1000 Acre Plateau: Easter Family Group
It was a glorious way to spend Easter lunch, up on the Needle looking east across to the Haystack with Mt Owen behind; to Southeast, the Nelson Lakes mountains Angelus to Ella; and north we could see the Douglas Range, where we had been at Christmas. It was good that the ‘needle' was blunt as it was fairly crowded with over 25 people there, twelve from the Peninsula Tramping Club, a couple of other parties, two hunters and a dog called Reg, plus our party of nine.
We had left the Matiri roadend at midday on Good Friday, having packed up lunch quickly because of some over-amorous bumble bees. It was a pleasant trip especially once into the bush, with an abundance of darting fantails, cheeky robins and singing bellbirds. A stoat dashed across the track by the stream before the hut.
We arrived at the hut in 2 hours. This was an attractive site with great views across the lake with Paradise ducks and black swans. As the drizzle had set in and we didn't want to push the children too much the first day, we decided to stay at the hut. Several groups passed by to add to the 47 in the intention book at the roadend. It had been a fairly wet night and was still drizzling as we left at 8am and headed up the ridge. Again, abundant birdlife, including riflemen and waxeyes. Up to the lookout in an hour and through the dracophyllum.
Suddenly an hysterical scream from Nigel. The leading party had disturbed a wasp nest on the track. I tried to brush the wasps off, but they wouldn't budge, so I had to physically pluck them off one at a time. He had been stung about ten times on his legs, arms and head. Copious quantities of Stingo were applied. Later he said the bites didn't really hurt, it was the fear of more wasps attacking him. He was still a bit shaken as we lightened his load and headed up to the bush edge and across to Poor Pete's hut for lunch.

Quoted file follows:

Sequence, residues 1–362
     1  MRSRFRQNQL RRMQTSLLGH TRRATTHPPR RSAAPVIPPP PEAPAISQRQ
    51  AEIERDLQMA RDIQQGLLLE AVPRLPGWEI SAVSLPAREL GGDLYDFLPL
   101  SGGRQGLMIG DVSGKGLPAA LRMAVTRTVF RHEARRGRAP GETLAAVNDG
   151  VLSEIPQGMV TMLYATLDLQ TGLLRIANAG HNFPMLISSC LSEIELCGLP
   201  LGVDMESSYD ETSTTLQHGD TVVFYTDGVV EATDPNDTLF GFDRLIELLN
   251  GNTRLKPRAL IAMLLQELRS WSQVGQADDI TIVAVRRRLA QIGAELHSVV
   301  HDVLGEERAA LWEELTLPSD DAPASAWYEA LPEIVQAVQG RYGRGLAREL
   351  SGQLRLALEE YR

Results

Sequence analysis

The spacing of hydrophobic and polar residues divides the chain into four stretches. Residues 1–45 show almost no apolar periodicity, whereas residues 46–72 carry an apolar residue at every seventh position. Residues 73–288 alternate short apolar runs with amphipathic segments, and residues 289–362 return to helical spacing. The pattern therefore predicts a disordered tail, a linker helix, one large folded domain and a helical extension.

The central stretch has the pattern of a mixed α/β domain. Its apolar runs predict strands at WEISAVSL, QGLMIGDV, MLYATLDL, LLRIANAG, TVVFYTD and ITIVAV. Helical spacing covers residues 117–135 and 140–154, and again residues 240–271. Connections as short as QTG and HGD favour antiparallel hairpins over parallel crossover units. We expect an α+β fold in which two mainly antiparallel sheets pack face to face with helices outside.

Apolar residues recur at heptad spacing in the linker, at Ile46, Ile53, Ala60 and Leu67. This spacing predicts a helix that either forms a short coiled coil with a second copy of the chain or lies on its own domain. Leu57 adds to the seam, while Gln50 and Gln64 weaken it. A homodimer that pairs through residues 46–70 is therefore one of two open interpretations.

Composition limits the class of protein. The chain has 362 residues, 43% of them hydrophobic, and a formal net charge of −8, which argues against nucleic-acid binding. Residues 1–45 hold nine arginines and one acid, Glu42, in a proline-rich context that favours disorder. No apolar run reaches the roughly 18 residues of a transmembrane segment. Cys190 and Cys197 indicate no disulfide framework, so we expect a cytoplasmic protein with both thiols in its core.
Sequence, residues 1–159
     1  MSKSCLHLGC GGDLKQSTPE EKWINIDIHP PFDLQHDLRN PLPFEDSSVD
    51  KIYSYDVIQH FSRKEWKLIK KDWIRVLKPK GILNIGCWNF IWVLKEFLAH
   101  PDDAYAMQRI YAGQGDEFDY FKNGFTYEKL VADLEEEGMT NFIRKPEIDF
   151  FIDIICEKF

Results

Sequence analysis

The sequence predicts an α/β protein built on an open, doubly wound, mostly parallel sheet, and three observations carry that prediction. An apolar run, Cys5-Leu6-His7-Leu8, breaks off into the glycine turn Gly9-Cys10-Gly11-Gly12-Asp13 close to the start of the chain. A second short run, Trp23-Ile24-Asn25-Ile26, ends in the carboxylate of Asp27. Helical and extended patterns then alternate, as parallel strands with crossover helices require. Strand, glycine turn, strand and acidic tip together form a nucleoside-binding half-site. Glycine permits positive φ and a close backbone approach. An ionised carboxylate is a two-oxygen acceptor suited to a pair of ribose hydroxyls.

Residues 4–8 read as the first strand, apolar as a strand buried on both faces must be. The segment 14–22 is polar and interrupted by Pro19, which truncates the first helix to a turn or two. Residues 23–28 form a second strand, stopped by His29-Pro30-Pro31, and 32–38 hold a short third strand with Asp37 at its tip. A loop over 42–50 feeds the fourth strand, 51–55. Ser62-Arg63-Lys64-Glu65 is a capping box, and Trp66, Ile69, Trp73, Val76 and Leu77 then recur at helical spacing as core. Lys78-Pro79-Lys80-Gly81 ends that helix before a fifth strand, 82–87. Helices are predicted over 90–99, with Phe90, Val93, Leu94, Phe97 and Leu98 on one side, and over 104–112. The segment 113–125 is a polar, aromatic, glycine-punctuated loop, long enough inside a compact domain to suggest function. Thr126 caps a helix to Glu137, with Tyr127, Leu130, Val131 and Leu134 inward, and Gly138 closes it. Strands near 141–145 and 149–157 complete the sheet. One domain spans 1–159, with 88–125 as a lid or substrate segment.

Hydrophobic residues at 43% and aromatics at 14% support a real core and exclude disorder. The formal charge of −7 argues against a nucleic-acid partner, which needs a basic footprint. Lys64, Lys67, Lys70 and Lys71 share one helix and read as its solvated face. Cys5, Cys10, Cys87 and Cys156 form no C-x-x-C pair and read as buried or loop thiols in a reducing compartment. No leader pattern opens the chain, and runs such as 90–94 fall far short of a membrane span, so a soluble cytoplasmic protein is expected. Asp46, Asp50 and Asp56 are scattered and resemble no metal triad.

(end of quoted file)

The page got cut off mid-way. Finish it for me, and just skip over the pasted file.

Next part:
Then across the savannah grasslands of the 1000 Acres. We could hear frogs croaking around the tarns and there were tadpoles in the tarn. The children found a newly developed frog but it was too small to identify. Across the creeks to Larrikans Hut by 4pm. The sun was only around for six hours at this time of year. In winter, the Haystack limits the sunshine and it is no wonder the hut is named "the refrigerator" in winter.
Next morning was a sharp frost. There were shocked cries from some of the children as they tried to get their wet socks into iced boots. Next up to the saddle and across to the Needle and then time spent exploring the lichen on the white rock. Haystack looked a bit hairy to climb with the children. Next day we explored the 1000 Acres Plateau and Mt Misery, looking down into the Mokinui, lots of rock crevices and holes, not a place to be in the mist. Back to camp to explore the creek from the hut, which in less than ten minute's walk cascades over an impressive waterfall.
Next morning the clag was closing in as we left at 8am and we made Poor Petes by 10.30am, the bush edge by 11am and the hut by 2pm. We were going to stay, but the precipitation became more of a downpour. Remembering warnings of Bay Creek becoming impassable even using the cage and also needing to negotiate several streams with the van, we decided it best to head out while we could. It had been a great Easter trip.